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NATO chief rejects restarting combat operations in Afghanistan

NATO Secretary General Jens Stoltenberg and the President of Afghanistan, Ashraf Ghani on March 15, 2016.

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By PHILLIP WALTER WELLMAN | STARS AND STRIPES Published: March 15, 2016

NATO’s top official on Tuesday rejected the idea of restarting alliance combat operations in Afghanistan despite a series of impressive Taliban offensives, urging instead that the government  press ahead with key reforms for continued international support.

NATO Secretary-General Jens Stoltenberg acknowledged that 2016 would likely be “a difficult year” for Afghanistan but said he was optimistic that local forces were “capable of providing sufficient security for the country.” He spoke during a joint news conference with Afghan President Ashraf Ghani.

The comments came just hours after The Washington Post reported that Gen. John F. Campbell, who commanded U.S. forces in Afghanistan until earlier this month, supported resuming some airstrikes in support of Afghan operations against Taliban insurgents.

The militant group is now believed to control more Afghan territory than at any time since the U.S.-led invasion 15 years ago removed them from power. Many analysts have expressed concern that the coming fighting season, which traditionally begins in spring, will be the bloodiest in years.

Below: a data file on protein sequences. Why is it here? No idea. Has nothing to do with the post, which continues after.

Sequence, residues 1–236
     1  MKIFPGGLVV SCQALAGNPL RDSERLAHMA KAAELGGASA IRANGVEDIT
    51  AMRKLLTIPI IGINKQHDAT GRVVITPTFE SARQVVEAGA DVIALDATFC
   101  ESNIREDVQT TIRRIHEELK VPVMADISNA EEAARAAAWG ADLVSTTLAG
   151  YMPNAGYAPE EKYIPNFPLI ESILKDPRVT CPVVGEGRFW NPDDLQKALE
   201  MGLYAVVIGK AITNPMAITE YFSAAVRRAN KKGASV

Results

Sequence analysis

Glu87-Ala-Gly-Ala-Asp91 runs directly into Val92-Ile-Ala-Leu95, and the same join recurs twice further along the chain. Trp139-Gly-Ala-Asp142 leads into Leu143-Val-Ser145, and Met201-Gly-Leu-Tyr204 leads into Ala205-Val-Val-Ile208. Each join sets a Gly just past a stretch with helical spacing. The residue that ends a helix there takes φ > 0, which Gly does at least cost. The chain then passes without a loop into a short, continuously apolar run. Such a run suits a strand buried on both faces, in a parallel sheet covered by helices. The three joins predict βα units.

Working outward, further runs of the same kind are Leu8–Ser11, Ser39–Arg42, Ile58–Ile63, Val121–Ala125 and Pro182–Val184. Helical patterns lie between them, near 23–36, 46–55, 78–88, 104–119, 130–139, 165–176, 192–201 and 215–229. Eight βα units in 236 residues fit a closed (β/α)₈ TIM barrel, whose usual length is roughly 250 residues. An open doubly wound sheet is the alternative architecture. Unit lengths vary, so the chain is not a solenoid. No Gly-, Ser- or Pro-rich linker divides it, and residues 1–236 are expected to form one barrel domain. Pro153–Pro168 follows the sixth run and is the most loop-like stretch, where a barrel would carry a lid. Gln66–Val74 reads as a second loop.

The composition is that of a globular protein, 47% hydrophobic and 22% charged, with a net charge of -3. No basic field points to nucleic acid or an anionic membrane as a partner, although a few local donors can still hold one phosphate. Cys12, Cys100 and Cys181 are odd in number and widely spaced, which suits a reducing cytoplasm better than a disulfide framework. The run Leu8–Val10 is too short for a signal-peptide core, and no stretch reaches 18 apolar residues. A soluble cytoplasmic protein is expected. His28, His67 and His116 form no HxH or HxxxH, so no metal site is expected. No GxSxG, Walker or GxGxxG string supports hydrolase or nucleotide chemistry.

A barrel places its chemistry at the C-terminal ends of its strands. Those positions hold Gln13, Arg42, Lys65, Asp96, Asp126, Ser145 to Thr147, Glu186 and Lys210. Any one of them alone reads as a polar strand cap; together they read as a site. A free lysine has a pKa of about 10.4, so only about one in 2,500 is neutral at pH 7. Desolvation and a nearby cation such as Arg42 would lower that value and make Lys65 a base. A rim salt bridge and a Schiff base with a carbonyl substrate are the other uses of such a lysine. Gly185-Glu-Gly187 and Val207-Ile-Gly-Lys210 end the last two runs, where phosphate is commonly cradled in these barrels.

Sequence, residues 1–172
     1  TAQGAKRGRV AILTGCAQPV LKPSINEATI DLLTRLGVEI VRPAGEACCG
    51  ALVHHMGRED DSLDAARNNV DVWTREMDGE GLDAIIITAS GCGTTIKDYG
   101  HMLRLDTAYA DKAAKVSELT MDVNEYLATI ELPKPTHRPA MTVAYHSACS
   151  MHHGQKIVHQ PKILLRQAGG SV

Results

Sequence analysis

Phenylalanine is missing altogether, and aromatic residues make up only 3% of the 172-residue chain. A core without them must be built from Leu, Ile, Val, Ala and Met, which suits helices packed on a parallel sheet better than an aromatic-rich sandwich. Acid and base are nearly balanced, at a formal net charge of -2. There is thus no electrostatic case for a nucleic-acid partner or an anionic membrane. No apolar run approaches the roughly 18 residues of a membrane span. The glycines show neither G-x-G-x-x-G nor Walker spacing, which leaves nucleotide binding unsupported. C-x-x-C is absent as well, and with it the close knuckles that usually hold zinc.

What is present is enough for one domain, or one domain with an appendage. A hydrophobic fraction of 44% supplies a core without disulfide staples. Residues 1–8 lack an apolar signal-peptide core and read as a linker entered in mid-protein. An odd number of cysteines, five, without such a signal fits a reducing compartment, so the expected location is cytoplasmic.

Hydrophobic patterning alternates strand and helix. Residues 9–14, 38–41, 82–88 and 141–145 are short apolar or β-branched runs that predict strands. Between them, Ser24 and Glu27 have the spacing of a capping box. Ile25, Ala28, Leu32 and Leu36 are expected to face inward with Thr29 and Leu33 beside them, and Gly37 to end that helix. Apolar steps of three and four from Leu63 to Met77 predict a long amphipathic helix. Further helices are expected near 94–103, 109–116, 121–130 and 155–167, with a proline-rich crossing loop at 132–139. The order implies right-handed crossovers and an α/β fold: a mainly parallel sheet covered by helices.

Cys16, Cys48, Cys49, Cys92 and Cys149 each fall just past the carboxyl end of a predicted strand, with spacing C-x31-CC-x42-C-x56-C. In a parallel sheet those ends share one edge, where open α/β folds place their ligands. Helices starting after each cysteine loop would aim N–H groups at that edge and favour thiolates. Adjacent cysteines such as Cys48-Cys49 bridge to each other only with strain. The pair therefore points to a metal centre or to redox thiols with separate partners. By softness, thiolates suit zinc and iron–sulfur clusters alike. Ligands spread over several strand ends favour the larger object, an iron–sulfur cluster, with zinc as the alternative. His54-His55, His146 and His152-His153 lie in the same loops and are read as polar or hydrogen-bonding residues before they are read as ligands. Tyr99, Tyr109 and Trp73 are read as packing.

Since the end of its combat mission in December 2014, a much-reduced NATO mission, known as Resolute Support, is mainly focused on training, advising, and assisting Afghan security forces.

During a two-day visit to Afghanistan, Stoltenberg assured the government that the alliance would continue to provide all the required assistance that falls under its new mandate.

He also used his speech on Tuesday to encourage Kabul to implement reforms.

The more reform there is, he said, the easier it will be for NATO member states and partners to contribute troops to Resolute Support and to provide financial support “so crucial for the strength of the Afghan forces.”

He said “continued implementation of reform” was “the key deliverable we would like to see by (NATO’s) Warsaw summit.”

The July summit will focus on securing financial contributions to support Afghan security forces and troop contributions until 2020. The alliance now has commitment from members until 2017.

wellman.phillip@stripes.com
Twitter: @PhillipWellman

 

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